Richard had read the novel Ghost Story and talked to his father-in-law about appearing in an upcoming film version. Astaire accepted the role and with co-stars Melvyn Douglas, Douglas Fairbanks, Jr., John Houseman and Patricia Neal, braved the difficult Sarasota Springs location. New York, winter location. Experiencing the coldest weather in fifty years, the older stars performed like the "Pros" that they were, although several of them, including Astaire, became ill.
AS if the rigors of filming in difficult conditions were not enough, Fred received the sad news that Adele died of a stroke on January 25, 1981. Luckily, they had been together for the Christmas holidays a month before when he stopped in Arizona on his way to the Saratoga Springs location. But her death grieved him greatly. Ava, who had been with Delly when she died, hurried to her father's side and remained with him throughout filming at the request of director John lrvin. Unfortunately, the finished Ghost Story had little reward for Astaire and his prestigious co-stars (New York Post, Archer Winsten: "The most depressing aspect of the film is to find such fine old stars stuck in a film of such little merit.")
Fred in a candid moment at the AFI Tribute.
On April 10, 1981, Astaire accepted the Lifetime Achievement Award from the American Film Institute. In the first major Astaire family appearance since his wedding, Robyn, Richard and Ava and Fred, Jr., with his wife, Carol, joined Fred at the place of honor. Stars and friends arrived from all over the world to pay tribute to the man, with only Ginger Rogers being unable to attend. After the glowing evening of film clips and loving tributes. Astaire was noticeably touched.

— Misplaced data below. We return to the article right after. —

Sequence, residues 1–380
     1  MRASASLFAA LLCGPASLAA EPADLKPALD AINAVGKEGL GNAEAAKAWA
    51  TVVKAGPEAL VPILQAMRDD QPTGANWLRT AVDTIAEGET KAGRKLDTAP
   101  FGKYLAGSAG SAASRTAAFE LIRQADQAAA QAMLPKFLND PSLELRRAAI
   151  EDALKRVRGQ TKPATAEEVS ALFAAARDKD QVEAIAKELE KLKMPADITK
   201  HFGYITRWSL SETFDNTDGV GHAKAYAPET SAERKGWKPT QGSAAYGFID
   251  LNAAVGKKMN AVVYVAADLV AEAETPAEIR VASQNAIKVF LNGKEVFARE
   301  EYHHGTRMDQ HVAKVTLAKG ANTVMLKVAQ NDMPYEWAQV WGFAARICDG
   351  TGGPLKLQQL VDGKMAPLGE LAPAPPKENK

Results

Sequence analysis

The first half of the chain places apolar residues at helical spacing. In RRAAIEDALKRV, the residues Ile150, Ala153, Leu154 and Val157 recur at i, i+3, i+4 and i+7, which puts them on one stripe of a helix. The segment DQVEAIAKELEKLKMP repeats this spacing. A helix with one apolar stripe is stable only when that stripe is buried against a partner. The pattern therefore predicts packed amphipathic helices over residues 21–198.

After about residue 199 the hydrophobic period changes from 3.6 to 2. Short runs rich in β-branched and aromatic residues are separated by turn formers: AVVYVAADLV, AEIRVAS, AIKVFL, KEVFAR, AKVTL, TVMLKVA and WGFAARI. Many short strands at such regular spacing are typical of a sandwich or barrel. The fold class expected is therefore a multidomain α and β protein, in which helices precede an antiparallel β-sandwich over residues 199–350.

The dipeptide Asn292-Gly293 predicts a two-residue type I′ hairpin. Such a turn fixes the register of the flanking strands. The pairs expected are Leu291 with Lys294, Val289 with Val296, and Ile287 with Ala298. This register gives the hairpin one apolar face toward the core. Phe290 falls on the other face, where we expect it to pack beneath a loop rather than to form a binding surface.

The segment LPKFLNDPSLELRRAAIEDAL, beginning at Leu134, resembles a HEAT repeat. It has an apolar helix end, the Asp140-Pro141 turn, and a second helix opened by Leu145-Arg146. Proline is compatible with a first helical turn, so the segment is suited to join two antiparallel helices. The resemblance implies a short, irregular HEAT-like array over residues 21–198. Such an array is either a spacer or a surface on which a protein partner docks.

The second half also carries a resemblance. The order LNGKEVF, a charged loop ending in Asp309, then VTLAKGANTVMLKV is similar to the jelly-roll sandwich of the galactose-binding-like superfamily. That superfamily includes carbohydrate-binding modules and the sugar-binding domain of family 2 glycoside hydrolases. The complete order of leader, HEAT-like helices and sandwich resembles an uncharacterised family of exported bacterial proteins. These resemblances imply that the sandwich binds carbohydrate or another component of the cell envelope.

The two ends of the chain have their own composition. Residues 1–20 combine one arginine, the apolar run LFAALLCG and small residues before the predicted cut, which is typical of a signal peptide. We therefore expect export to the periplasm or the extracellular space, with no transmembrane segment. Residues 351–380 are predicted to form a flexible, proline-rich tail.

After being reunited with Ginger in July, 1982, when the libraries of RKO were donated to the film archives at UCLA, Fred Astaire's public appearances were few. He played a little golf and often spoke to his children and dear friends like lrving Berlin, but his health had begun to seriously fail. By March, 1987, he was unable to travel to New York to receive an award with Rudolph Nureyev from Capezio Dance Shoes.
On June 12, 1987, he had a severe cold and doctors suggested that he check into the Century City Hospital because of breathing problems. Robyn admitted him into the hospital under the name of "Fred Giles" to avoid publicity. The cold settled into pneumonia and on June 22, ten days later, at 4:25 a.m., Fred Astaire passed away. Only Robyn, Fred, Jr., Richard and Ava and Hermes Pan attended the simple funeral service three days later. He was buried at Oakwood Memorial Park in Chatsworth, California, next to his beloved Phyilis, his mother, Ann, and sister and most successful partner. Adele. His wishes in his Will, "I direct that my funeral be private and that there be no memorial service" were followed.
On to Postscript...